Clothing: As it is always hot and often humid, clothes made from quick-drying synthetic fibres are advisable. At the Grand Palace and Vinamek, , shorts are not  acceptable but 3/4 pants for women may pass depending on which guard stops you.Take a sarong in your bag in case you need to wear it.  You need , shoes and a shirt with at least short sleeves. If you wear a long-sleeved shirt, the sleeves must be rolled down. In other areas modest shorts and sandals are generally OK.  

Eating & Drinking: There are plenty of restaurants and fast food eateries. Be cautious about buying food from street vendors, look for one that's busy serving the locals - the food there will be good. Water and other soft and alcoholic drinks can be bought in supermarkets and convenience stores. Do not drink the tap water. Ice for drinks is made from purified water.  Bussaracum, Sethiwan Tower (BTS station "Surasak") is a great way to experience food in the Royal Thai style. Reservations are recommended.

Thai food in touristy areas (Sukhumvit, Silom and Patpong) is 'watered down', overpriced and pseudo-authentic. First-time travellers will usually  only find this type of Thai food unless they look for places where the local Thai people are eating. If you have the initiative, venture off the foreigner beaten path and eat in restaurants serving predominately Thai customers. The food is many times tastier, spicier and cheaper. This can be made a lot easier with a Thai friend (or guide) who can show you the establishments and help you decide what to try.

Tours: Take guided tours to places which are otherwise difficult to reach. Using a guide for a day will teach you a lot about negotiating the city and use of public transport for those days you're doing it solo. Some of the more popular city options - LINK1 and LINK2

Bargaining/Haggling: If there's no price tag, it can be bargained down. You can shave 25-50% off the seller's asking price if you use a smile and a patient disposition. The shop keeper will end negotiations once your offer stays below what he can afford to sell it for.

Scams and Cons: The popular tourist icons around Bangkok also have their fair share of scammers loitering, waiting to relieve you of your precious vacation time, and money. The Grand Palace is NOT closed today or for a few hours due to an official function, even if the person at the gate tells you he works there and  has an ID as it is probably fake-  there are NO special one day or this week only sales on gemstones and the cheap Tuk Tuk ride he will offer you for the few hours the temple is closed WILL NOT take you to other temples , you will find yourself at fake jewellery stores where they will try to scam you again.

If approached and engaged in unsolicited conversation by any person, be they Thai or from your home country, WAKE UP, chances are there's a scam coming. Important Reading  - LINK  

Respect: Always be respectful with regard to the Royal Family and  Buddhism. The country has Lèse majesté laws which are severe for disrespecting or insulting the Royal family or items (money notes, pictures, statues) depicting the Royal Family.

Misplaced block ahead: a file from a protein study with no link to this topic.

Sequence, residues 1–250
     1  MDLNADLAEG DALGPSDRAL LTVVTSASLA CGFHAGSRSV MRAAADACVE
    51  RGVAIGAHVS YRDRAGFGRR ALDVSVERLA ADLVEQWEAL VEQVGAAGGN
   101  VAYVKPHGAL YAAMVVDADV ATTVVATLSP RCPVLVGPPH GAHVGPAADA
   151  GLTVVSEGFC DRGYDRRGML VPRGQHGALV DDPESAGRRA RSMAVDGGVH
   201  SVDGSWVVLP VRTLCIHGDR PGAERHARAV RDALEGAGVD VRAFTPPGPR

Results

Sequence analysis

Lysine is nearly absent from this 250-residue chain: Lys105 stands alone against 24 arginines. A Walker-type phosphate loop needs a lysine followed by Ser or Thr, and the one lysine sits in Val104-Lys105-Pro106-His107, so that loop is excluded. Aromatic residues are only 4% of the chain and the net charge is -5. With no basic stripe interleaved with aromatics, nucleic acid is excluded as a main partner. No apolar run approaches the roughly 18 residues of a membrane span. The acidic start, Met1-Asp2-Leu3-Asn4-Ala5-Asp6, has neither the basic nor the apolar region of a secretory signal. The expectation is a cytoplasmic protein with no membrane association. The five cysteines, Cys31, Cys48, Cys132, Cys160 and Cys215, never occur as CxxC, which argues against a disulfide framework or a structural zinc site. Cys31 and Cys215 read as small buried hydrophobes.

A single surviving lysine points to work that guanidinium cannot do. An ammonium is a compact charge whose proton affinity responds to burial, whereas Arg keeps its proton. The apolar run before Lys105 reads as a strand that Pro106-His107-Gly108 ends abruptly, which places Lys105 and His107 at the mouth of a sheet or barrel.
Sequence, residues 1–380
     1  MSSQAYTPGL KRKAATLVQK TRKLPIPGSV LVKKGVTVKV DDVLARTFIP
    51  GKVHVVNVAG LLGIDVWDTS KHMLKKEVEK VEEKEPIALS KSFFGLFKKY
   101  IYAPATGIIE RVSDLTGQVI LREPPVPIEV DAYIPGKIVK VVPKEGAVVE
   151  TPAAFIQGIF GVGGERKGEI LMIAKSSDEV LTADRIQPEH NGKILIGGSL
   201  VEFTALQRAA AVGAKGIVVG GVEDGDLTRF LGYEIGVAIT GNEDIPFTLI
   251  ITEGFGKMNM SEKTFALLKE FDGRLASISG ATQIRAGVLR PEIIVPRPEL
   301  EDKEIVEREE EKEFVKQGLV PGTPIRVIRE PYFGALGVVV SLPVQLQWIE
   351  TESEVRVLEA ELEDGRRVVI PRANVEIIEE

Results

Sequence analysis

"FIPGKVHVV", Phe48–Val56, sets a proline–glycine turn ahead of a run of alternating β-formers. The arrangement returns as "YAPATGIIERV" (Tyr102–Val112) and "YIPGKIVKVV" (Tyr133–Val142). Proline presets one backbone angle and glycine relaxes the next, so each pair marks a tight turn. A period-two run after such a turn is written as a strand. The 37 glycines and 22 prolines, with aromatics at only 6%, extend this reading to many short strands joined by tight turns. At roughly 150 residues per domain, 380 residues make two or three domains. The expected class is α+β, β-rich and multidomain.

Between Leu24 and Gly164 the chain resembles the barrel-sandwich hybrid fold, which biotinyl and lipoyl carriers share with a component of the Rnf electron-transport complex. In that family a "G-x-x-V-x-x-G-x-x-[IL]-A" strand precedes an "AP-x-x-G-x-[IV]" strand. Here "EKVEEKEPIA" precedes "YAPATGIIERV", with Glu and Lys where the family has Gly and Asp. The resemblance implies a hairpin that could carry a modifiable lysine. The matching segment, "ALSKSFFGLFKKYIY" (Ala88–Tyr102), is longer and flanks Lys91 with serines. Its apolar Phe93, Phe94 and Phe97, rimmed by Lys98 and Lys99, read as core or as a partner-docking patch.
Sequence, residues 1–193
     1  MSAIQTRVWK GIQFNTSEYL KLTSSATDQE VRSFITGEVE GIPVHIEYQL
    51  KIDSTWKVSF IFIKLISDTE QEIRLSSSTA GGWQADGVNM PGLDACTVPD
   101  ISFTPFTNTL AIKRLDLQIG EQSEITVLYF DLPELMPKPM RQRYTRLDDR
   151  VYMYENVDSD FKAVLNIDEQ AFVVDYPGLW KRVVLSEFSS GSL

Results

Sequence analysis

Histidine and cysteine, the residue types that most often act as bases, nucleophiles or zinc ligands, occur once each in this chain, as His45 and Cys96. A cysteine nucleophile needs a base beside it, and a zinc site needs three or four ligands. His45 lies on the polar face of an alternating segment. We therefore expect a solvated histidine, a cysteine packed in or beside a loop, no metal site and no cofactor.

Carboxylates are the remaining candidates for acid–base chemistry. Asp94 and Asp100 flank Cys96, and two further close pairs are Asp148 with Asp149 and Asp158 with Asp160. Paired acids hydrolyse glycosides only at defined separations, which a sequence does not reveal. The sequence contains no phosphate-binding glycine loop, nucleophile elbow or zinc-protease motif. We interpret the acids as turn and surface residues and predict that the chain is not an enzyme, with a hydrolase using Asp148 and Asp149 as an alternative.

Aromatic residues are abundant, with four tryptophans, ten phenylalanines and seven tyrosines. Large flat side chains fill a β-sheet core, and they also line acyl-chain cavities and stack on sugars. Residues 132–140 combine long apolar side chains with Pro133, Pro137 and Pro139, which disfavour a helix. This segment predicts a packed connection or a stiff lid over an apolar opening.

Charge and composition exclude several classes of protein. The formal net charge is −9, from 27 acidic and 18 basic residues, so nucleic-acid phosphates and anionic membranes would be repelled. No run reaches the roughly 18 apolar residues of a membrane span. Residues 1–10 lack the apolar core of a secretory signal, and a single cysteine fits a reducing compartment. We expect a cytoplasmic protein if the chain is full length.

Feet are considered very low and dirty and the head is considered extremely high and clean. Touching someone with your feet or using your feet to point will insult Thai people. Patting a Thai on the head is very rude and just not done.

Thais, in general, have a non-confrontational attitude. Losing your temper means to 'lose a face' which, to them, is a sign of weakness and embarrassment. Losing your temper, raised voice, finger pointing, swearing will bring you nothing but trouble. By staying calm and speaking softly, even in the most difficult situations, will, more often than not, get you the result you wanted.

There are more etiquette tips linked here

Language: The everyday greeting and farewell phrases are the same:

sawadee krub (used by men) or sawadee ka (used by women) means "good day" or hello/farewell.

kkop khun krub (men) -  kkop khun kah (women) is a polite "thank you".

*Mai Aow - (I do) not want (it). This one will fend off vendors and touts very effectively. Add krub (for guys) or kah (if you're female)if you want to make it extra polite - Mai Aow Krub - Listen LINK

The use of these is appreciated, but not expected from tourists. Learning the numbers and counting in Thai can be very useful for first time travellers.

There is more information on "useful" phrases linked here

Currency: - Exchange, ATMs, and Travellers Cheque questions answered here - LINK

Other important information:

  • Some medicines can be bought from pharmacies/chemists/drug stores, often times without prescription.
  • The pharmacist will advise on what you need and dosage for a particular illness.
  • If bringing your own medications, read this - LINK
  • Licence Requirements for self drive, small motorcycle or car, important info - LINK
  • Customs and Duty Free Allowance information -LINK